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I have a large Swig Python module. The C++ wrapper ends up being about 320,000 LoC (including headers I guess). I currently compile this with -O1, and g++ produces a binary that is 44MiB in size, and takes about 3 minutes to compile it.

If I turn off optimisation (-O0), the binary comes out at 40MiB, and it takes 44s to compile.

Is compiling the wrapper with -O0 going to hurt the performance of the python module significantly? Before I go and profile the performance of the module at different optimisation levels, has anyone done this sort of analysis before or have any insight into whether it matters?

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2 Answers 2

-O0 deactivates all the optimizations performed by gcc. And optimizations matter.

So, without a lot of knowledge in your application, I could suggest that this will hurt the performance of your application.

A usually safe optimization level to use is -O2.

You can check the kind of optimizations performed by GCC in: http://gcc.gnu.org/onlinedocs/gcc/Optimize-Options.html.

But at the end, if you want to know exactly you should compile at different levels and profile.

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Thanks, I understand this. I wanted to know if anyone had any specific experience with Swig wrapper optimisation. A Google search not show anything published. –  elesueur Dec 9 '12 at 21:02
    
Then, I'm not your man. sorry. –  kxtells Dec 9 '12 at 21:04
    
No problem, thanks for your reply anyway! –  elesueur Dec 9 '12 at 21:11

This is bad irrespective of SWIG modules or not. There are many optimisations that happen even with gcc -O1 which you will miss if you prevent them happening.

You can check the difference by inspecting the asm generated by your compiler of choice. Of these the ones I trivially know will be detrimental to SWIG's generated wrapper:

  1. Dead code elimination:

    void foo() {
      int a = 1;
      a = 0;
    }
    

    With -O1 this entirely pointless code gets totally removed:

    foo:
            pushl   %ebp
            movl    %esp, %ebp
            popl    %ebp
            ret
    

    whereas with -O0 it becomes:

    foo:
            pushl   %ebp
            movl    %esp, %ebp
            subl    $16, %esp
            movl    $1, -4(%ebp)
            movl    $0, -4(%ebp)
            leave
            ret
    
  2. Register allocation will be detrimentally impacted in functions with lots of local variables - most SWIG wrapper functions will see a hit from this. It's hard to show a concise example of this though.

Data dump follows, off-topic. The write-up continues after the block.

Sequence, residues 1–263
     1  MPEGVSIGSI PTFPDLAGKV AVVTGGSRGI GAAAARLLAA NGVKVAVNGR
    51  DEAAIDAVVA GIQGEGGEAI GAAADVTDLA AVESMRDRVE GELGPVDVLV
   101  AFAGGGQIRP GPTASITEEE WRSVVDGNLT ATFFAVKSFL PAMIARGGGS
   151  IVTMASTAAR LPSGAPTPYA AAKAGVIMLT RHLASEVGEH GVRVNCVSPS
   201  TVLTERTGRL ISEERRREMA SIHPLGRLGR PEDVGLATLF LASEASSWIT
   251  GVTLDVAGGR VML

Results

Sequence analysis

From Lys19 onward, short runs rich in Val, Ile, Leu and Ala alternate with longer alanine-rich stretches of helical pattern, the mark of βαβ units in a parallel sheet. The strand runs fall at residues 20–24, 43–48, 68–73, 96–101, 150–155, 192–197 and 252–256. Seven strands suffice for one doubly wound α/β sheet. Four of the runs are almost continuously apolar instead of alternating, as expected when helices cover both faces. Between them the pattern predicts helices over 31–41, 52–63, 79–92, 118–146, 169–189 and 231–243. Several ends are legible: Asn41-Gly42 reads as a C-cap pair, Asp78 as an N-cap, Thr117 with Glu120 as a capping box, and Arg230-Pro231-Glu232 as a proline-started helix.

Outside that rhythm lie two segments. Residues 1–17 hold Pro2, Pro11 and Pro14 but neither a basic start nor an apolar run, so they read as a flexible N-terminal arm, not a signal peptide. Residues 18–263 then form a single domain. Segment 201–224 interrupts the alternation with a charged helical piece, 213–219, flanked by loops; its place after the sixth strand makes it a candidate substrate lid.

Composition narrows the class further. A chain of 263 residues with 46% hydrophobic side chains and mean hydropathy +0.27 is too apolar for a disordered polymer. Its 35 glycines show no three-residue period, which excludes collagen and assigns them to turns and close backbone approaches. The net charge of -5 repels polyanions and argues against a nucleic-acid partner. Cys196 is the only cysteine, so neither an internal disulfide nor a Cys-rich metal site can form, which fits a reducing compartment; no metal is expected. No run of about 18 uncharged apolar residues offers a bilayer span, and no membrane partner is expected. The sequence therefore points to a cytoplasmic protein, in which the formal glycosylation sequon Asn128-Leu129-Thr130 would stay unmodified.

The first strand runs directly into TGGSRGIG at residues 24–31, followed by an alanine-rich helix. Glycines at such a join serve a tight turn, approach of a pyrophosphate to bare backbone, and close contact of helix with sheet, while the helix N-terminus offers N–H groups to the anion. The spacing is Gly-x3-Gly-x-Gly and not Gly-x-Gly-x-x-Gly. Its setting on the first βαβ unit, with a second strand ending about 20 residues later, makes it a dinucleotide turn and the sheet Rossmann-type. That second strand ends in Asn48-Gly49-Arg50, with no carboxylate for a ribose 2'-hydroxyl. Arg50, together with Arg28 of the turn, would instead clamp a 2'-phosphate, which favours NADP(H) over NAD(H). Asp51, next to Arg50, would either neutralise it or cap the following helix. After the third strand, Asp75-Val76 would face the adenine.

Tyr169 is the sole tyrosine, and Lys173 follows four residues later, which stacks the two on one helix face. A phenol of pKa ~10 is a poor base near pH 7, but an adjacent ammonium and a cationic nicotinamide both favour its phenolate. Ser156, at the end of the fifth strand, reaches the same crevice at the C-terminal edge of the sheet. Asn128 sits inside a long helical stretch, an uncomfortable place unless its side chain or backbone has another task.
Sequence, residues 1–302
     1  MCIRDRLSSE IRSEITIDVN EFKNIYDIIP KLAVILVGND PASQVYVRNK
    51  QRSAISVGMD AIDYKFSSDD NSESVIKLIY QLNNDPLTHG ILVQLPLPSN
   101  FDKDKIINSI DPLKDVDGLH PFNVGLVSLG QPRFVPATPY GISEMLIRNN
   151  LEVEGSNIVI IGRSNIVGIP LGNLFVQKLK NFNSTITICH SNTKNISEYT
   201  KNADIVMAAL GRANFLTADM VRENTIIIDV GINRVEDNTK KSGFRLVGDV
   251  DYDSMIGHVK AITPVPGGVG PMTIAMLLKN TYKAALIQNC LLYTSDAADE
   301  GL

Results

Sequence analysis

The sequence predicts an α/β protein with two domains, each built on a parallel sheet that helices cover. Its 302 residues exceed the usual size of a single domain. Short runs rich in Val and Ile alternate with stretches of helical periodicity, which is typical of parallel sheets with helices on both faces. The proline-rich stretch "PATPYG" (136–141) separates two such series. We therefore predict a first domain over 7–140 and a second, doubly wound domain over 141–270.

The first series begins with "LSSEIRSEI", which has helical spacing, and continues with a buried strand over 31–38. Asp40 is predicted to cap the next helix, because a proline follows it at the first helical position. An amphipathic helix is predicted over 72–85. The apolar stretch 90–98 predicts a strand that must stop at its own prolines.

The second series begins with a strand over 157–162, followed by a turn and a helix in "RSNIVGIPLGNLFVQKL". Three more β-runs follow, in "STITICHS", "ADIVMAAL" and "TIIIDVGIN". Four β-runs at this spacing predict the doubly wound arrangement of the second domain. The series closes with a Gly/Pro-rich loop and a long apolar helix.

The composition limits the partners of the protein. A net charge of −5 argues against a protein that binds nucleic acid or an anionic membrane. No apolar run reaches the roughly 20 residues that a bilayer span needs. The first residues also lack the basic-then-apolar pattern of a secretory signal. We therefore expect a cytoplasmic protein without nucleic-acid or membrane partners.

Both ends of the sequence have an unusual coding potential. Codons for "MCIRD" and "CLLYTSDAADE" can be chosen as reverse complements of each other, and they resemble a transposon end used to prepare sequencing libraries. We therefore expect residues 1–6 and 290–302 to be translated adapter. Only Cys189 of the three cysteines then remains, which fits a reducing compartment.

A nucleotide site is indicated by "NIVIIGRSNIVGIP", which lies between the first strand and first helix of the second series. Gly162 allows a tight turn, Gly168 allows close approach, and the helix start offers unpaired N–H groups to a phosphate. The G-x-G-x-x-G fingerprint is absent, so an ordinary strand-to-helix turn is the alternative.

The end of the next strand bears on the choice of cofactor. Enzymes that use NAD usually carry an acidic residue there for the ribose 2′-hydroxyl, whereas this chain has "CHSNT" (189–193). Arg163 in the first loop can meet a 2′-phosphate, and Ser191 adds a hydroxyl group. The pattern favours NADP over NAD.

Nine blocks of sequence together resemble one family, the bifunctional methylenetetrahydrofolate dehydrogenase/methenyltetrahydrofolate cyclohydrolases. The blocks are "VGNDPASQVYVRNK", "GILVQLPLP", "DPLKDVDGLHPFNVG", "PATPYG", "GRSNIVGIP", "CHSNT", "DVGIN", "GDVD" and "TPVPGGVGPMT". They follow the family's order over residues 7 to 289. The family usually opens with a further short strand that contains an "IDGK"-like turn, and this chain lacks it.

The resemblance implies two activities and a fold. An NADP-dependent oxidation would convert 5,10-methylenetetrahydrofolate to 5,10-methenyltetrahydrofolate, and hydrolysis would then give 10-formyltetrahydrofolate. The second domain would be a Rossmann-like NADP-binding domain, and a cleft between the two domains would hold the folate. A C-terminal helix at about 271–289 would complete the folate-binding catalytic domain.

3. Another example, the output from gcc compiling the SWIG wrapper for the prototype:

    int foo(unsigned int a, unsigned int b, unsigned int c,  unsigned int d);
    

    Generates with -O0:

    Java_testJNI_foo:
            pushl   %ebp
            movl    %esp, %ebp
            subl    $88, %esp
            movl    16(%ebp), %eax
            movl    %eax, -48(%ebp)
            movl    20(%ebp), %eax
            movl    %eax, -44(%ebp)
            movl    24(%ebp), %eax
            movl    %eax, -56(%ebp)
            movl    28(%ebp), %eax
            movl    %eax, -52(%ebp)
            movl    32(%ebp), %eax
            movl    %eax, -64(%ebp)
            movl    36(%ebp), %eax
            movl    %eax, -60(%ebp)
            movl    40(%ebp), %eax
            movl    %eax, -72(%ebp)
            movl    44(%ebp), %eax
            movl    %eax, -68(%ebp)
            movl    $0, -32(%ebp)
            movl    -48(%ebp), %eax
            movl    %eax, -28(%ebp)
            movl    -56(%ebp), %eax
            movl    %eax, -24(%ebp)
            movl    -64(%ebp), %eax
            movl    %eax, -20(%ebp)
            movl    -72(%ebp), %eax
            movl    %eax, -16(%ebp)
            movl    -16(%ebp), %eax
            movl    %eax, 12(%esp)
            movl    -20(%ebp), %eax
            movl    %eax, 8(%esp)
            movl    -24(%ebp), %eax
            movl    %eax, 4(%esp)
            movl    -28(%ebp), %eax
            movl    %eax, (%esp)
            call    foo
            movl    %eax, -12(%ebp)
            movl    -12(%ebp), %eax
            movl    %eax, -32(%ebp)
            movl    -32(%ebp), %eax
            leave
            ret
    

    Compared to -O1 which generates just:

    Java_testJNI_foo:
            pushl   %ebp
            movl    %esp, %ebp
            subl    $24, %esp
            movl    40(%ebp), %eax
            movl    %eax, 12(%esp)
            movl    32(%ebp), %eax
            movl    %eax, 8(%esp)
            movl    24(%ebp), %eax
            movl    %eax, 4(%esp)
            movl    16(%ebp), %eax
            movl    %eax, (%esp)
            call    foo
            leave
            ret
    
  4. With -O1 g++ can generate far smarter code for:

    %module test
    
    %{
    int value() { return 100; }
    %}
    
    %feature("compactdefaultargs") foo;
    
    %inline %{
      int foo(int a=value(), int b=value(), int c=value()) {
        return 0;
      }
    %}
    

The short answer is with optimisations disabled completely GCC generates extremely naive code - this is true of SWIG wrappers as much as any other program, if not more given the style of the automatically generated code.

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Thanks for the detailed answer. I'm still confused as to why -O0 produced a smaller binary than -O1. I will inspect the generated code a bit more closely and report back. –  elesueur Dec 10 '12 at 23:27

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